The first step in calculating your credit card bill is to convert your annual APR to a daily APR. You simply divide the annual rate by 365. Using the current US average interest rate of 16.97%, we come up with 0.046% (0.1697 / 365).

  • Calculate your average daily balance

Next, you need to figure out your average daily balance. While this gets a little tricky when many purchases are involved, the simplest approach is to sum all of your debit entries and divide the total by the number of days in your billing cycle.

  • Multiply your daily periodic APR by your average daily balance

Assuming an average daily balance of $1,000, we can calculate our daily balance owed by multiplying the daily periodic APR by the average daily balance. Using the APR we calculated above, we found out $0.46 (0.00046 * 1000).

  • Multiply your daily balance owed by the number of days in your billing cycle

The last step is to calculate the total amount owed. After a 30-day billing cycle, our total interest payment works out to $13.86 (0.46 * 30).

Here is a great payoff calculator.

https://www.debt.com/tools-tips/calculators/credit-card-payoff-calculator/

How to Lower Your Credit Card APR

While credit card companies determine your APR by assessing your overall creditworthiness, we have a few tips to get you on the fast track to a lower interest rate.

  • Build a reliable credit history

While somewhat obvious, building a reliable credit history can make you more attractive in the eyes of lenders. The first step is to raise your FICO score to at least 670. When using existing cards, keep monthly purchases to less than 30% of your balance limit.

  • Shop around for the best offers

With so much competition in the lending space, institutions often make interest rate concessions to attract new clients. While some lenders may reject your application, others often go out of their way to provide unique offers to secure your business.

  • Just ask

Often overlooked as a way to lower your credit card APR, simply asking politely can often move the needle. If you have an existing relationship with an institution and are known as a long-term and loyal customer, they’ll often work with you to avoid losing your business. When calling, simply explain your circumstances and ask what they can do. Moreover, if you have readily available offers from other institutions, they’re more likely to accommodate your request.

How We Conducted The Study

With accuracy in mind, we went directly to the source. Analyzing the latest SEC filings from the largest credit card issuing institutions within the United States, we first presented how each is positioned on its balance sheet. Next – using data from each institution’s official website – we broke down average credit card statistics by the institution, type, introductory APR, and penalty APR. Last, we provided a template for calculating credit card bills and tips for lowering your credit card APR.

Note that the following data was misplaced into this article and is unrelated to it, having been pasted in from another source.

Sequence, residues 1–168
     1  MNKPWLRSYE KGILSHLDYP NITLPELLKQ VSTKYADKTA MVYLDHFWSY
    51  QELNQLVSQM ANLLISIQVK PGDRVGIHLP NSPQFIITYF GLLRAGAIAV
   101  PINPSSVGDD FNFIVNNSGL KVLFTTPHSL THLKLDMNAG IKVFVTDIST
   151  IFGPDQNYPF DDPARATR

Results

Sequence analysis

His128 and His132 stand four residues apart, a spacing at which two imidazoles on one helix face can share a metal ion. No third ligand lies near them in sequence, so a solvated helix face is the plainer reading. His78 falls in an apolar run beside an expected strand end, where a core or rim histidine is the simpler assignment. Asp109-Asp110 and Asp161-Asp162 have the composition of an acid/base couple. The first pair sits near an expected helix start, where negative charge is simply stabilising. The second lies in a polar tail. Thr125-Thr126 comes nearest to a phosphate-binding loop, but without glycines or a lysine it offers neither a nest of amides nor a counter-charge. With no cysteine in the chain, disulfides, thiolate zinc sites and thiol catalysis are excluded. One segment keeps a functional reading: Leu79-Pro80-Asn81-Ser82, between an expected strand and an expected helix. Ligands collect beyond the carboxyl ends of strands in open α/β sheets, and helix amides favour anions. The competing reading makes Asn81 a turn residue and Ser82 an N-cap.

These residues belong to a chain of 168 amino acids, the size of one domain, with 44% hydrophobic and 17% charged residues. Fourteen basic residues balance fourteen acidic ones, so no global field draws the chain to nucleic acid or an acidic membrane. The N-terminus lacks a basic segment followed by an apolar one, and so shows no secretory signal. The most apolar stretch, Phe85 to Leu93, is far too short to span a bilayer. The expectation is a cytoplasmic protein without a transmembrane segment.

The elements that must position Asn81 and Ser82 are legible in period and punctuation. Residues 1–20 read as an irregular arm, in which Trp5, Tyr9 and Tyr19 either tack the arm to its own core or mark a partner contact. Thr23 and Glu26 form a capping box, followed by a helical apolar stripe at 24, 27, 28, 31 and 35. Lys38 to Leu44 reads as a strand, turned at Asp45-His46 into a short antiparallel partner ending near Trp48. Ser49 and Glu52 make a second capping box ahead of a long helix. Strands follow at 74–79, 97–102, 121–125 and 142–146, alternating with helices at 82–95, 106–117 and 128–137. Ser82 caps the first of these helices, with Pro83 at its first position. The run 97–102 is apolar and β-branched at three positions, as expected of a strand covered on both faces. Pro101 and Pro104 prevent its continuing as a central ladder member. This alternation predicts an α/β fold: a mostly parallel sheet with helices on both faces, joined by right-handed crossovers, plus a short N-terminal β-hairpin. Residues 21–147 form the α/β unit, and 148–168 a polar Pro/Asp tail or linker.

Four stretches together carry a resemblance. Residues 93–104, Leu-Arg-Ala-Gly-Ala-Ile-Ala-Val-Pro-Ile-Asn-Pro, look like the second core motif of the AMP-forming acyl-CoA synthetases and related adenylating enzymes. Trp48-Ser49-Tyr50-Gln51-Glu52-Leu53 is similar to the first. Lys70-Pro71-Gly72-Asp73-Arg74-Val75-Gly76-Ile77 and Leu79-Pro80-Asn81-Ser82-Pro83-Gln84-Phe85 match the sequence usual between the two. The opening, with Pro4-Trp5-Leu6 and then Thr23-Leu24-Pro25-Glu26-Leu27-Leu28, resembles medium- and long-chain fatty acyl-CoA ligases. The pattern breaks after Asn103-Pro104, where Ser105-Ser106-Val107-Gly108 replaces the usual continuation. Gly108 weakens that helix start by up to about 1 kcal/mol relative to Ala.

Conclusion

Moving in lock-step with the Federal Reserve’s benchmark interest rate, average credit card APRs have continued to rise over the last four years. As large US institutions look to increase their credit card exposure, borrowers have been more than willing to play the counterparty.

Reaching an all-time high of 830 billion in 2019, total American credit card debt has surpassed levels only seen leading up to the 2008 financial crisis. And as total debt continues to rise, average credit card APRs are rising along with it.

When trying to extrapolate future trends, the Federal Reserve’s ‘wait-and-see’ approach to interest rate increases may allow current APR figures to hold up a while longer. However, if you want to get a sense of what’s moving the needle, pay attention to rhetoric from Federal Reserve officials and what traders are pricing within the Treasury bond market.

Sources

Federal Reserve Consumer Credit Report

The Largest American Credit Card Issuing Institutions

Citigroup Inc. Annual Report

JP Morgan Chase & Co. Annual Report

Capital One Financial Corp. Annual Report

Bank of America Corp. Annual Report

Synchrony Financial Annual Report

American Express Company Annual Report

Discover Financial Services Annual Report

Wells Fargo & Co. Annual Report

U.S. Bancorp Annual Report

Average Credit Card APR by US Institution, Type, Introductory APR Period, and Penalty APR

Citigroup Inc. Credit Card Interest Rates

JP Morgan Chase Chase Credit Card Interest Rates

Capital One Financial Corp. Credit Card Interest Rates

Bank of America Credit Card Interest Rates and Business Credit Card Interest Rates

American Express Company Credit Card Interest Rates and Business Credit Card Interest Rates

Discover Financial Services Credit Card Interest Rates

Wells Fargo & Co. Credit Card Interest Rates and Business Credit Card Interest Rates

US Bancorp Credit Card Interest Rates and Business Credit Card Interest Rates

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ElitePersonalFinance